On the day that sets us free.

“For that day we all must labour,
Though we die before it break;
Cows and horses, geese and turkeys,
All must toil for freedom’s sake.

“Beasts of England, Beasts of Ireland,
Beasts of every land and clime,
Hearken well, and spread my tidings
Of the Golden future time.”

After a successful revolution by the animals, Farmer Jones is expelled, and the Seven Principles of Animalism are established, the most important of which is:

“All animals are equal.”

The pigs, being (as they say themselves) the most intelligent of the animals, gradually take over the running of the farm. Meetings of all the animals are replaced by meetings of the pigs. The faithful hardworking old horse, Boxer, is sold to the gluemaking knacker in order to buy whisky for the pigs. The first principle of Animalism is replaced by:

“All animals are equal, but some animals are more equal than others.”

Finally, the pigs start to carry whips and to walk on two legs. They become indistinguishable from humans.

“Animal Farm”, published at the start of the Cold War, was a great commercial success, and it was thanslated into many languages.

Nineteen Eighty-Four (1949)

George Orwell’s famous dystopian novel “Nineteen Eighty-four” (often published as “1984”) has changed the English language and added new words, for example  “Orwellian”,

“doublethink”, “thoughtcrime”, “Big Brother”, “newspeak”, “nonperson” and “memory hole”. Like “Animal Farm”, it expresses Orwell’s deep dislike of Stalin’s brutal dictatorship. However, the novel also so aptly describes recent conditions in the United States and elsewhere that today it has hit the top of the best-seller lists.

The novel follows the life of Winston Smith, who lives in Airstrip One (formerly known as Great Britain). Airstrip One is part of the superstete Ociania, which is perpetually at war with two other superstates. Pictures of the ruler of Ociania, Big Brother, are everywhere and a cult of personality surrounds him, although he may not even exist.

Winston Smith belongs to the Outer Party, and he works in the Ministry of Truth (Minitruth), where his job is to rewrite history so that it will conform to the constantly-changing doctrines of the Inner Party, He changes written records, alters photographs, and converts people who are out of favour to “nonpersons” by destroying every record of their existence. Winston is good at his job, but he gradually come to detest the whole system. This, of course is a “thoughtcrime”.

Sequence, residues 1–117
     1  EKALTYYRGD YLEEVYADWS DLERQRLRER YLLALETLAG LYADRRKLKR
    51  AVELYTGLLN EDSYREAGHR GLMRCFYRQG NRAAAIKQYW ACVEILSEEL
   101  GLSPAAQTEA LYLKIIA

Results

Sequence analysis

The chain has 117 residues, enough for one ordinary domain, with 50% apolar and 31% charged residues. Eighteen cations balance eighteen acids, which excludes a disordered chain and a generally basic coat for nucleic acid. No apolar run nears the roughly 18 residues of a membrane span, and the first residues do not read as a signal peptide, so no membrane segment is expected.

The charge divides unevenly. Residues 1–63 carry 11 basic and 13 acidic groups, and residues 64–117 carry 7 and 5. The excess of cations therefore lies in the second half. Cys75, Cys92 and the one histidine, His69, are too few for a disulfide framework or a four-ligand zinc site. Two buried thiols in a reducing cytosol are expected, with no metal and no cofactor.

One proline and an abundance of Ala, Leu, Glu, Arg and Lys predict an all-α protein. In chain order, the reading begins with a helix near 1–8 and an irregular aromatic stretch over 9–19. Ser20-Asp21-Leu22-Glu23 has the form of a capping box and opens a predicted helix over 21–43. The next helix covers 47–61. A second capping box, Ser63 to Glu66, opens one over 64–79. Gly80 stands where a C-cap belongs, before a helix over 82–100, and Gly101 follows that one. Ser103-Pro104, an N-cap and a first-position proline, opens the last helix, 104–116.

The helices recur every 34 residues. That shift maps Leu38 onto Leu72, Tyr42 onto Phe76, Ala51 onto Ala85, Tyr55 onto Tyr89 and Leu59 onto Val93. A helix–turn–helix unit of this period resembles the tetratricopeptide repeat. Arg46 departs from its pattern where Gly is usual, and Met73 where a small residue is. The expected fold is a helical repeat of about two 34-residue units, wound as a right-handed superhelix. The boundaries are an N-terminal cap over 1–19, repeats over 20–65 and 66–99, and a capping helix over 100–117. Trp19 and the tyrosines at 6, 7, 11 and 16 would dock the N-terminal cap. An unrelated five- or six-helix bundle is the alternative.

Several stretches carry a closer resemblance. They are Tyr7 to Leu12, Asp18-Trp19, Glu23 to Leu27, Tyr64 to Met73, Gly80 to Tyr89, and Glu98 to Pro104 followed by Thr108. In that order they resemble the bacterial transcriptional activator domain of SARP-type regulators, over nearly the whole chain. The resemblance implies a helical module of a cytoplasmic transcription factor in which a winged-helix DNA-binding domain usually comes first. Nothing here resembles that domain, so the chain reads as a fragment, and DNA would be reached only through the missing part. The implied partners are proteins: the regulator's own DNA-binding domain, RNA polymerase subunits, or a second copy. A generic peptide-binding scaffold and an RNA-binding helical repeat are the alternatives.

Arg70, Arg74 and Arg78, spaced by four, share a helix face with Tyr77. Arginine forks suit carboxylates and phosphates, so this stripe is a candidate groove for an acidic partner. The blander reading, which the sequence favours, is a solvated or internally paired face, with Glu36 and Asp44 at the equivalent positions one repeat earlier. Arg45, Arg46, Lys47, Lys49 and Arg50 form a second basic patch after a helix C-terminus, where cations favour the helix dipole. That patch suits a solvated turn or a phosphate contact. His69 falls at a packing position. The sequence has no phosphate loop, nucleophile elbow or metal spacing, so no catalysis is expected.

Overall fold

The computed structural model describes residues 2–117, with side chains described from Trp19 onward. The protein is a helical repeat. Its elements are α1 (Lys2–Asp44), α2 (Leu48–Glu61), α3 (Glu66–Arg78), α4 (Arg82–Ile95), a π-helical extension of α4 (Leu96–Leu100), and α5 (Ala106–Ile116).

Another worker in the Ministry of Truth is Julia, who runs Minitruth’s novel-writing machines. She hands Winston a note telling him that she is in love with him. Winston finds out that Julia shares his detestation of the system, and an affair blossoms between them. The meet in a rented room in a proletarian district where they believe they will be free from survelience.

Later Winston is approached by O’Brian, a member of the Inner Party who is believed by Winston to be a member of the Brotherhood, a secret society that opposes the Party. Winston and Julia tell O’Brian of their detestation of the whole system. But O’Brian is not a member of the Brotherhood. He is actually a member of the Thought Police. Winston and Julia are arrested and tortured to such an extent that they finally betray each other.

Winston is tortured again and again. Simultaneously he is brainwashed to such an extent that he becomes a believer in the system, and can be sent back into society. The new, brainwashed Winston believes wholeheartedly in the doctrines of the Party, and he has finally learned to love Big Brother.

During the writing of “Nineteen Eighty-four”, Orwell was very ill with tuberculosis, and he died soon afterwards from the disease.

Some Quotations from “Nineteen Eighty-Four”:

“Now I will tell you the answer to my question. It is this. The Party seeks power entirely for its own sake. We are not interested in the good of others; we are interested solely in power, pure power. What pure power means you will understand presently. We are different from the oligarchies of the past in that we know what we are doing. All the others, even those who resembled ourselves, were cowards and hypocrites. The German Nazis and the Russian Communists came very close to us in their methods, but they never had the courage to recognize their own motives. They pretended, perhaps they even believed, that they had seized power unwillingly and for a limited time, and that just around the corner there lay a paradise where human beings would be free and equal. We are not like that. We know that no one ever seizes power with the intention of relinquishing it. Power is not a means; it is an end. One does not establish a dictatorship in order to safeguard a revolution; one makes the revolution in order to establish the dictatorship. The object of persecution is persecution. The object of torture is torture. The object of power is power. Now you begin to understand me.”